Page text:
CALL it snobbery if you like, but I usually give the Classical Brit Awards a miss.
It’s far too frothy-poppy for my liking. But if it at least gives the uninitiated a glimpse into that marvellous world of music covering a millennium and five continents (which is more than most schools do these days) then it’s not TV air time wasted.
However, there is special cause to watch this year’s ceremony because of a special posthumous award to the film composer John Barry (pictured).
Now the classical music world certainly does have a brand of snobs who look down their noses at those who have forged a career writing music for the big screen rather than the stage or pit.
But frankly I think that’s rot. While the symphony and the string quartet are for me the most profound expressions of music, I don’t see why film scores can’t plumb the emotional depths from time to time and the best of scores deserve to be treated with equal respect to ballet and other forms of incidental music.
And John Barry was one of the best. Like other masters of the medium in recent decades such as Ennio Morricone and Gerry Goldsmith, he had that wonderful gift of capturing the mood of a scene with wonderfully ingratiating melodies and harmonies.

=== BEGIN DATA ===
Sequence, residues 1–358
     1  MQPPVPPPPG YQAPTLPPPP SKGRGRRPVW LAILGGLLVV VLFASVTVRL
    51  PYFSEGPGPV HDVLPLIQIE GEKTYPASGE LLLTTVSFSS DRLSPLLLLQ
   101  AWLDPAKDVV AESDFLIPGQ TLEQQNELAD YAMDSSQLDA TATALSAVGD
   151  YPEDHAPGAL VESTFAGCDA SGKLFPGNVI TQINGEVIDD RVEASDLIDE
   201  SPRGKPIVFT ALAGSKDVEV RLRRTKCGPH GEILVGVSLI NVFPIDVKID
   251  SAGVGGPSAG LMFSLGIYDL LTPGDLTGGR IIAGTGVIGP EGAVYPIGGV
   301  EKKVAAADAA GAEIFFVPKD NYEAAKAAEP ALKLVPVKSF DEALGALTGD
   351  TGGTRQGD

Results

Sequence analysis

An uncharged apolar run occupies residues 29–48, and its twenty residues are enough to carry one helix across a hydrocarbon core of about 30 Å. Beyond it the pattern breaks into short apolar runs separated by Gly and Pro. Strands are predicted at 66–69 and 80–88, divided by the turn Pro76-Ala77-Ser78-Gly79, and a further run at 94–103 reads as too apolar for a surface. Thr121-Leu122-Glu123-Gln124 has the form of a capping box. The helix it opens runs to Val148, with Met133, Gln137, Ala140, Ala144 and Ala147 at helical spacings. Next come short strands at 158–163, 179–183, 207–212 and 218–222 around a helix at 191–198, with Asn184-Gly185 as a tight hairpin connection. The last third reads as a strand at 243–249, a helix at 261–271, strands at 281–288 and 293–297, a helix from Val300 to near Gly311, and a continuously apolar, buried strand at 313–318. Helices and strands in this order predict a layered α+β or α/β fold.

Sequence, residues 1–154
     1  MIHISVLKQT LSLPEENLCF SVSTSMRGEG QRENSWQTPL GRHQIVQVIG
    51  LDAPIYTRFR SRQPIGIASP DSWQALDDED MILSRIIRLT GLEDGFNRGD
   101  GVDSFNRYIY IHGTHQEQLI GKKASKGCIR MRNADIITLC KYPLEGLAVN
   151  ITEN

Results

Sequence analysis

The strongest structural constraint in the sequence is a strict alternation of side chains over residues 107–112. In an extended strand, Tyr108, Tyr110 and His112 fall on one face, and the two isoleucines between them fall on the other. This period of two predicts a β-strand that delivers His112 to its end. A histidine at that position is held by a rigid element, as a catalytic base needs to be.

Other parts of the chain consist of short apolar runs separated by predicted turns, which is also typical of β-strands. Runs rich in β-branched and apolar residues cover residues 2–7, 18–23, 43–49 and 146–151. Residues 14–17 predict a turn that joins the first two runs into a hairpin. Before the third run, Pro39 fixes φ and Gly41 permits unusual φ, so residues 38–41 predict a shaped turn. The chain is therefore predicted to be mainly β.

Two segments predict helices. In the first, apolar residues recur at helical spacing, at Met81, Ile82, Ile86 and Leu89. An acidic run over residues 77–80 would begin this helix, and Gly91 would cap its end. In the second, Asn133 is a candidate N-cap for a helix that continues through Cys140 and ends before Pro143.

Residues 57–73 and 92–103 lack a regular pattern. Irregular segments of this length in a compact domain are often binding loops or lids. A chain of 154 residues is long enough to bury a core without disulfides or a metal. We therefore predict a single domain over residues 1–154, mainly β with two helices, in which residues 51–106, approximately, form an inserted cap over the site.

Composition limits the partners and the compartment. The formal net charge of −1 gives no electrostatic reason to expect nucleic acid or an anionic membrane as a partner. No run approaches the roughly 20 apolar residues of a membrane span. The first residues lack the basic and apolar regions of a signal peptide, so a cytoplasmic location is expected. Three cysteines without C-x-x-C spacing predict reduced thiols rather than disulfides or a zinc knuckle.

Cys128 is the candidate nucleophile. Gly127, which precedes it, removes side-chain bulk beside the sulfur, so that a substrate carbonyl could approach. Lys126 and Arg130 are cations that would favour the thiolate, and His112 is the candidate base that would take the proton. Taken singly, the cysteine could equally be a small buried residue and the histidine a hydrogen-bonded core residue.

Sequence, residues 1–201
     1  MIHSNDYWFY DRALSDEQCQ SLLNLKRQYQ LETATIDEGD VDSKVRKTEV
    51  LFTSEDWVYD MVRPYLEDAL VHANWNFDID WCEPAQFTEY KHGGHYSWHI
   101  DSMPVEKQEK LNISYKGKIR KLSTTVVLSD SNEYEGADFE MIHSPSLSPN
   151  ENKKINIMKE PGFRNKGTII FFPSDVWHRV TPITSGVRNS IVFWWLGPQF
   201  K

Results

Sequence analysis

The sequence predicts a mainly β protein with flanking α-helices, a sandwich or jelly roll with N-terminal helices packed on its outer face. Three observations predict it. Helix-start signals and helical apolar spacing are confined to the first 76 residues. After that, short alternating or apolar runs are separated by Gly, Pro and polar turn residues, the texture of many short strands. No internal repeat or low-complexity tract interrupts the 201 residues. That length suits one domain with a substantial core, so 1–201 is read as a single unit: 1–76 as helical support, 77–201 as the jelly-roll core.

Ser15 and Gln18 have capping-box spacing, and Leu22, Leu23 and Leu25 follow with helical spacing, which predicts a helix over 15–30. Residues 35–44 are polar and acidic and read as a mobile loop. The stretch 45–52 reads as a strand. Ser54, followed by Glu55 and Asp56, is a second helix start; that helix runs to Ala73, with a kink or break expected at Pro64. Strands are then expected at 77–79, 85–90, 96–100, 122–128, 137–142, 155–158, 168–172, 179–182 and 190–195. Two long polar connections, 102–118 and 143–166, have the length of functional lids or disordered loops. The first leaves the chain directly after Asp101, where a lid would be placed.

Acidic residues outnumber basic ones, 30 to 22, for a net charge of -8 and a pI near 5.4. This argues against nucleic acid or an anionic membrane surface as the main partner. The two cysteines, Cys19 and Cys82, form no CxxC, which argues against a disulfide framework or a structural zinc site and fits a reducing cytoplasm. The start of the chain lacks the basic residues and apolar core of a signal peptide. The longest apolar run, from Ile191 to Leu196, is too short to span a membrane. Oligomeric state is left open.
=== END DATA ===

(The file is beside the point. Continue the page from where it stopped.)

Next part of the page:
Some of the best scores are so integral to the atmosphere that you only notice it when it’s not there.
Others are deliberately intrusive but again add so much to a movie.
I find music used in films can afford to be much more adventurous for the average listener because it can be put into context more easily.
A friend once walked in on me listening to a particularly violent and discordant piece. “What’s this rubbish?” he asked. “It’s just noise.”
And yet when I pointed out that he hadn’t reacted that way when it featured prominently in the score to The Shining when we watched it the night before, he was stunned.
It had provided an superb extra layer of drama to what is a cinematic masterpiece.
So it was that John Barry could conjure up just the right atmosphere, whether it be one of his many sassy James Bond scores or the majestic musical vistas of Born Free and Out of Africa.
His Brit award, like many of the other gongs showered on him in his lifetime, were richly deserved.